Big-name absences overshadow players present on Mexico's Gold Cup roster

While stars like Raul Jimenez and Hirving Lozano are on the list, the names not called by Tata Martino on Tuesday are tough to ignore

Tata Martino sat down and started listing names. 

“Guillermo Ochoa, Jonathan Orozco…”  

The roster the Mexico manager was reading off included 29 players, but six of them will be sheared after June friendly matches leaving the base as his 23-man Gold Cup squad. 

“Carlos Salcedo, Cesar Montes, Hector Moreno…” 

The manger hardly has a flair for the dramatic, but it was starting to get good. 

“Hirving Lozano.” Interesting. “Roberto Alvarado, Orbelin Pinedo and Marco Fabian,” he concluded. 

While Martino sat down to announce the names that actually are on his list, it’s difficult to focus on those when there are so many important names not on it. 

No Carlos Vela. No Jesus Corona. Confirmation that Javier “Chicharito” Hernandez wouldn’t be part of the group. We already knew Hector Herrera wouldn’t be there. Lozano remains injured and likely wouldn’t play in the tournament until the latter rounds. 

Vela is on an absolute tear, leading MLS in goals and assists after an impressive World Cup in 2018. Martino said he’d spoken with Vela recently on the phone, and the attacker informed him he needed to focus on his family and club in the near future – though Martino took the answer to mean he didn’t see himself returning to the national team again. 

“I don’t think it’s very common. It’s not something I’ve gone through in Paraguay or in Argentina, but it’s also true that a call to a national team is a type of prize for a player, a recognition of his career and the moment they don’t see it like that it makes more sense that they not come in,” Martino said in Tuesday’s news conference.  

“I’m not here to analyze the decisions the players make. I’m here to call them, and if they decide not to be here, we have to focus on those that are here and with them put together a good national team to compete.” 

A conflict with that Porto team and the medical staff led to him not joining up with the national team in March – a dispute from which his relationship with Martino has not recovered. 

Martino said he hadn’t heard from the player, and while the manager had hinted Corona still was a player he would consider for selection, “Tecatito” now seems to be out of the plans for this summer and beyond. 

The team needs players to step up in the absence of the regulars from the past several years, but Martino would’ve preferred to manage the generational change more gradually. Now, the team is worse because of the off-field idiosyncrasies that so often seem to peg back Mexico coaches.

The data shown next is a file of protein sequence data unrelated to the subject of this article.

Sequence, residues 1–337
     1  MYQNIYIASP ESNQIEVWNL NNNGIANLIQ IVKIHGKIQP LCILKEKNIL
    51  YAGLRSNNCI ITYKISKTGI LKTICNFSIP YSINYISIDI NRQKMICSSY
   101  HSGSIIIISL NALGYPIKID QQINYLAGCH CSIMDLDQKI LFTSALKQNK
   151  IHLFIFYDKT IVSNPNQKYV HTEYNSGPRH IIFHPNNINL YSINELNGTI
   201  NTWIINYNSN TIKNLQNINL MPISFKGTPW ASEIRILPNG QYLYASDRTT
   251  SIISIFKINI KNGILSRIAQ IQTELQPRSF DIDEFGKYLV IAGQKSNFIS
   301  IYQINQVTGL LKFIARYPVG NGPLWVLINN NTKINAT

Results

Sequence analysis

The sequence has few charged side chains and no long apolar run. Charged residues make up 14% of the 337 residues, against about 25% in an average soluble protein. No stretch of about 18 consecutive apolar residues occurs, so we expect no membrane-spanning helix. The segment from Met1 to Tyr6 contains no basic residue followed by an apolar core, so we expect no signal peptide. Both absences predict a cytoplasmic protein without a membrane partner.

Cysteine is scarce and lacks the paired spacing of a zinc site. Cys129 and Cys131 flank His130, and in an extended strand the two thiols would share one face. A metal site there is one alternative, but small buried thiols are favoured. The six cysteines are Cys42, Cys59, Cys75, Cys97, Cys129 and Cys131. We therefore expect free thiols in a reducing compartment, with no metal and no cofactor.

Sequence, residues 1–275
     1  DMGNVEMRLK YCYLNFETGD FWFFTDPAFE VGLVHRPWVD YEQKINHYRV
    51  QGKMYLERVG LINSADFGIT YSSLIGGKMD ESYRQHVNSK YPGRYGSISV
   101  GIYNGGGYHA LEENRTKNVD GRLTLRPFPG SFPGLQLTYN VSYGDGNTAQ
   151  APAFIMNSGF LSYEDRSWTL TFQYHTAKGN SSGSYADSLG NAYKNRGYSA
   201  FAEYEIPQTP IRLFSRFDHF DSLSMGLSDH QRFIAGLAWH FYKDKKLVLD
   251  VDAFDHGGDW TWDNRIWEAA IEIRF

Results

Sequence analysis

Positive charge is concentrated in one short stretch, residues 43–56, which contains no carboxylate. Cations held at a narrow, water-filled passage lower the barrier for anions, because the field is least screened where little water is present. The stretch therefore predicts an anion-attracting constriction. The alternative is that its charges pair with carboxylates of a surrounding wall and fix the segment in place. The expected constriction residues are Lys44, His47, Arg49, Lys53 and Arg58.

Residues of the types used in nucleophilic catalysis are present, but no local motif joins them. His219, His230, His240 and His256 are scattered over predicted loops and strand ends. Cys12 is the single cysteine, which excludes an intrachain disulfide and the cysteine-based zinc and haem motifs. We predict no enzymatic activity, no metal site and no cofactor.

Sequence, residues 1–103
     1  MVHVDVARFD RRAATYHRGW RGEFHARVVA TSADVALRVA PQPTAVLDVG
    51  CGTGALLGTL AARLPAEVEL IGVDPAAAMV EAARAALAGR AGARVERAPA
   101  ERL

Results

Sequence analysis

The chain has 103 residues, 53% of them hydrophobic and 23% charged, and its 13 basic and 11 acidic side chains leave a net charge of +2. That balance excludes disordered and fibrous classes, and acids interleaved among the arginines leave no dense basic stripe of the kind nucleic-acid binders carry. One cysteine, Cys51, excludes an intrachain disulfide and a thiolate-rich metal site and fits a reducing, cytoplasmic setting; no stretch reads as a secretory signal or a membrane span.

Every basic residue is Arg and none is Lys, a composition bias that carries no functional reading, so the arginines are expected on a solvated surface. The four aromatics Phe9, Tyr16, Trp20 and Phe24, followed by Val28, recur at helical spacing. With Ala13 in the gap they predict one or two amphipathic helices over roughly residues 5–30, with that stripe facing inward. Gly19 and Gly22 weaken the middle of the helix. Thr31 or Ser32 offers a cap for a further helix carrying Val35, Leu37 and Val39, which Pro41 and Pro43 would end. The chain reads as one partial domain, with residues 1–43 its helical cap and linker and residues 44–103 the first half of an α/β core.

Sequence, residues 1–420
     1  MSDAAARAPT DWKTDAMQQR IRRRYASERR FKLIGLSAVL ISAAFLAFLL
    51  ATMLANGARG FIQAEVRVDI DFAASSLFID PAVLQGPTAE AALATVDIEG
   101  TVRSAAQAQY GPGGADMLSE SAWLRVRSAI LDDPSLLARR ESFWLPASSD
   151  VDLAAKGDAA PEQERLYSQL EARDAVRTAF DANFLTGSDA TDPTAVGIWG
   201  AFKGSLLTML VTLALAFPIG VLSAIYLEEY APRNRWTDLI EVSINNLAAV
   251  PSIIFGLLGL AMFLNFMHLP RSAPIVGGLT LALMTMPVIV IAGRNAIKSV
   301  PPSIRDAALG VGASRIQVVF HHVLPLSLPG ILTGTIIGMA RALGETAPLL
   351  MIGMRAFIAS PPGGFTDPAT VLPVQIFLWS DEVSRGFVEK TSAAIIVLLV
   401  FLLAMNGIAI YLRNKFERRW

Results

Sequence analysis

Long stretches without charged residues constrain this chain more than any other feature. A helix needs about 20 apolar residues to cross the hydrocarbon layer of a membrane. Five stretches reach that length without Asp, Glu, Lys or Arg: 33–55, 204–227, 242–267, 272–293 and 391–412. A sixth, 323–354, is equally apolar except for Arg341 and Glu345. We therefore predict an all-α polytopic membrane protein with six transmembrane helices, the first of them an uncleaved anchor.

“Every country has its quirks. In Mexico, they give you some problems, in Argentina others. Nobody can manage a national team and live without inconveniences. So, you face them, you solve them and you move forward,” Martino said. “What we won’t do will be feeling sorry for ourselves because of established situations. Above all, what we can’t manage are the players’ decisions.” 

Mexico still should be able to get through the group stage without too much difficulty in this tournament where groups are still ‘revealed’ instead of drawn and the tournament is set out to maximize revenue rather than to be the most competitive possible competition. But potential knockout matches with Haiti, Costa Rica and the United States could be demanding for an El Tri team that without a fit Lozano would be playing Roberto Alvarado and perhaps Rodolfo Pizarro on either side of Raul Jimenez or could even lead Martino to move away from the 4-3-3 setup he’d like to play. 

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That wouldn’t be the worst thing. Pizarro doesn’t excel as a true winger but can start there and float inside. While his left foot isn’t up to the level of Vela’s, the Rayados playmaker could be a fine replacement. His club teammate, Carlos Rodriguez, can slot in for Herrera. A red-hot Jimenez eases the pain caused by Chicharito’s absence. 

Martino said the team still can aspire to get to the Gold Cup final and from there look to win the silverware. Once the ball is rolling on the field, that assessment will be a good one. A month from the tournament starting, the jarring sight of a Mexico roster with so many familiar faces missing is hard to get past. 

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